Le Filtranisme

Le filtranisme (filterism), an artistic and philosophical movement which takes as its starting point the experience of the human subject.

Founded in Paris in the mid-1980’s by Joseph Pace, the poet Pablo Maria Landi, and doctor Jean-Marc Mayenga, the term “filtranisme” refer to human beings existential perception. 

Filtranisme was launched in the ‘Manifesto Filtraniste’ at the Cité Universitaire Internationale de Paris, Collége Franco-Britannique, in July 1987. The founding manifesto did not contained a positive artistic programe. In February 1988 the Hulot Gallery in Paris held Pace’s exhibition “Paysages Filtranistes”. 

Significant is the encounter in the late 1980s with the sociologist and painter Kurt Heinrich Wolff, regarding the epistemological “surrender-and-catch” concepts. The confrontation with Kurt Wolff influenced Joseph Pace artistic work from figurative painting to abstract expressionism. 

In January 1990, in Rome, Pace signed the statement from the now-enlarged filtranists group. As was for French existentialism, the filterism also mostly express through Pace’s work that not a proper theoretical system.  

Filtranisme investigates and challenges legitimacy and restriction of the contemporary belief, and dissects the tensions and uncertainties of our times, concerning the media stream  and social media system.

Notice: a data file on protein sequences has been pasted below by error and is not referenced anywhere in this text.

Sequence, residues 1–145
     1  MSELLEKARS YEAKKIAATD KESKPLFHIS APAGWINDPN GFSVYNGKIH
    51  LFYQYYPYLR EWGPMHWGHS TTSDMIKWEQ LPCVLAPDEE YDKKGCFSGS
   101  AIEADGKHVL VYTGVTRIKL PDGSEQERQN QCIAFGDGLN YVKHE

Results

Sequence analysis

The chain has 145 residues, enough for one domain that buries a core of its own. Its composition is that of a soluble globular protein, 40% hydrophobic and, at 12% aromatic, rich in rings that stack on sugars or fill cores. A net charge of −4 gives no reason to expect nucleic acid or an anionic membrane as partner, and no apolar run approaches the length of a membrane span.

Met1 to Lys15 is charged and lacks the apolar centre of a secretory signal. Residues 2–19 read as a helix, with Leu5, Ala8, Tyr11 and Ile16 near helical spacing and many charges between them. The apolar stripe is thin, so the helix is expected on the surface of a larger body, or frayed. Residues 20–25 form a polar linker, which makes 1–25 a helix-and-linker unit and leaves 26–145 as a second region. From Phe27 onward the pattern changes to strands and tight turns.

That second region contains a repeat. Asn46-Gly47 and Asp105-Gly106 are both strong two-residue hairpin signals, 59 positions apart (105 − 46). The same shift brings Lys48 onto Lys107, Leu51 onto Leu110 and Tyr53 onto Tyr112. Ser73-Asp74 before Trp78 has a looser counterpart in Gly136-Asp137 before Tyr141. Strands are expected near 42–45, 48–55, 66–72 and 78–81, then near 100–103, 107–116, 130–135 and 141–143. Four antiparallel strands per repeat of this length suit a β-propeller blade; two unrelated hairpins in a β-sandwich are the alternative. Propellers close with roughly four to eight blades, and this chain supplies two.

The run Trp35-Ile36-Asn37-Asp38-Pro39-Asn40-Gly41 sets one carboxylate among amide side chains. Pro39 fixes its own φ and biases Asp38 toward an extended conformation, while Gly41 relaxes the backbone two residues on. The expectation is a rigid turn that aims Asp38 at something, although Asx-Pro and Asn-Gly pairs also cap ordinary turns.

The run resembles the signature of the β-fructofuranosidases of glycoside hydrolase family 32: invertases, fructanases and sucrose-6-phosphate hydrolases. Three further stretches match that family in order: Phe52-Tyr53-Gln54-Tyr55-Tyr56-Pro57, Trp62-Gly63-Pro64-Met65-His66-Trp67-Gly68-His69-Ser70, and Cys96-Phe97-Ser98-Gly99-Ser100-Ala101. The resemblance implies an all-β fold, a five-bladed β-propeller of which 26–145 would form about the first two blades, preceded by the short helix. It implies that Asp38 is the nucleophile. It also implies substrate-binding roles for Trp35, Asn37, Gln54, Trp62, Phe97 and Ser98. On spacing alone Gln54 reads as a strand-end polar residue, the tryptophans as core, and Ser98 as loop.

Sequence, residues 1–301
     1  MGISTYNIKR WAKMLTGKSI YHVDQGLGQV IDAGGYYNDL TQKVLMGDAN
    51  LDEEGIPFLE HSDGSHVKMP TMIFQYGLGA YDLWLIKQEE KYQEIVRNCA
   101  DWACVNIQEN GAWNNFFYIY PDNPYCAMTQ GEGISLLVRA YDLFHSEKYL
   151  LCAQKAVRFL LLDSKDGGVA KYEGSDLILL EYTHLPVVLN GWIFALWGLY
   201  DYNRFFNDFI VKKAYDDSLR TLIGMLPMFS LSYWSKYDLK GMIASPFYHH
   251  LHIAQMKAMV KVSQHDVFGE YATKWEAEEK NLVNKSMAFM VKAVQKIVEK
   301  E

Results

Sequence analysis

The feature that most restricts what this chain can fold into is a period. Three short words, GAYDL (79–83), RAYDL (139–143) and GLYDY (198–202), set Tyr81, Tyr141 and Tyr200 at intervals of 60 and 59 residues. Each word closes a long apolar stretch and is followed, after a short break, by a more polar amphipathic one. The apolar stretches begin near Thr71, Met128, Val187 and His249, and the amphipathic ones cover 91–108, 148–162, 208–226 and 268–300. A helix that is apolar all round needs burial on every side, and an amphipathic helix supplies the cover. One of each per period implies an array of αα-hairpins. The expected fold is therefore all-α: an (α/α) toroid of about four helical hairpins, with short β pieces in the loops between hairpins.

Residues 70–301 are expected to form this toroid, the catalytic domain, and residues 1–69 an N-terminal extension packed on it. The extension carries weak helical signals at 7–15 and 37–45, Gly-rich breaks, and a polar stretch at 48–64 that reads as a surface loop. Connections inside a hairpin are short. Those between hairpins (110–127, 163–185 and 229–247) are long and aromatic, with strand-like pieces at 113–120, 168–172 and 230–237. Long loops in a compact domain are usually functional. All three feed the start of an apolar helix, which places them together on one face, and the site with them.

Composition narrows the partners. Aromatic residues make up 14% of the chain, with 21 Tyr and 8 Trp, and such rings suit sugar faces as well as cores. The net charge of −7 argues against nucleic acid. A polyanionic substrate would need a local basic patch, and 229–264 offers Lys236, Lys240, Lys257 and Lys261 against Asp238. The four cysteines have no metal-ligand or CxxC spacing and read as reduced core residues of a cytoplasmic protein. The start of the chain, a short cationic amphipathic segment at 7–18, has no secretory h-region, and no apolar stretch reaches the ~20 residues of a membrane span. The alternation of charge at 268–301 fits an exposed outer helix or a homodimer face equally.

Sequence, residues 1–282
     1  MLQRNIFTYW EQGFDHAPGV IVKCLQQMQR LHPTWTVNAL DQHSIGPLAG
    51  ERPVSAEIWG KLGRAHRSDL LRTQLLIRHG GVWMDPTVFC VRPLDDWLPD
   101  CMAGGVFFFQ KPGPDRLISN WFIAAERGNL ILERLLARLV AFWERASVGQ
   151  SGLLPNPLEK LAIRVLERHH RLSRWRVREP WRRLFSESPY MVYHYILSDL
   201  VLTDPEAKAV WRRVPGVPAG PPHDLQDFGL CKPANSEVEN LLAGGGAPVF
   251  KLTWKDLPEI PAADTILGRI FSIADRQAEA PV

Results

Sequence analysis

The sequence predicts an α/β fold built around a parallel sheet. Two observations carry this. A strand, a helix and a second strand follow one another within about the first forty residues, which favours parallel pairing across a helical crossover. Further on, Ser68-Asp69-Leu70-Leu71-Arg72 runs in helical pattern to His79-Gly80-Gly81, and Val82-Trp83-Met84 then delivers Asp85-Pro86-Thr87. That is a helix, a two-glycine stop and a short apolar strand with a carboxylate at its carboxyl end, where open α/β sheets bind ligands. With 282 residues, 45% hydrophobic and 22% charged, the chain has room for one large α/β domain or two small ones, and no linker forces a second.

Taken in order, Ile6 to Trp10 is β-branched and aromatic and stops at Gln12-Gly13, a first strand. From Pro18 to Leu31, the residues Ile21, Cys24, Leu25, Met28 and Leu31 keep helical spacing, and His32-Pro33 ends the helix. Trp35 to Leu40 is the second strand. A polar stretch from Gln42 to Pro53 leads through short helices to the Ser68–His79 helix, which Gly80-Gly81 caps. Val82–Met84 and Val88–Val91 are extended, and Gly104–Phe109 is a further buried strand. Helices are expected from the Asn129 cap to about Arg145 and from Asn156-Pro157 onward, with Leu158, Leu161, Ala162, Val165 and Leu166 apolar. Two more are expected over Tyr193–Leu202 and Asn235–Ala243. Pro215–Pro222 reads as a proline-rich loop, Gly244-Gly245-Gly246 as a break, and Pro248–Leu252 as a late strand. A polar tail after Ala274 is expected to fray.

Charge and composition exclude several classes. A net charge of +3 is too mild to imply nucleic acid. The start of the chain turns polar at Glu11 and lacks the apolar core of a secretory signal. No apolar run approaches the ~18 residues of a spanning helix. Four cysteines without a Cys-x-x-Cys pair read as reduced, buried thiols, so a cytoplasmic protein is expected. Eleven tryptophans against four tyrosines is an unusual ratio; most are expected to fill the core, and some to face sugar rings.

Filtranisme recognizes to man the possibility to repossess the ability to be independent of the experience of life. Explaining: “…The fact of filter air, art, love, water, food or politics, makes all of us filterists in every moment of our lives.” 

Filterism is a sort of ‘nascent state’, a condition in which people, new ideas and communication come together to new dimensions and realities. 

Actually filterism have a global perspectives. It explores a range of contemporary art practices around the world, looking closely at central ideas, artists, and artworks as well as the social and cultural contexts in which the work is being produced. And the idea of filterism remain as significant component of our contemporary culture.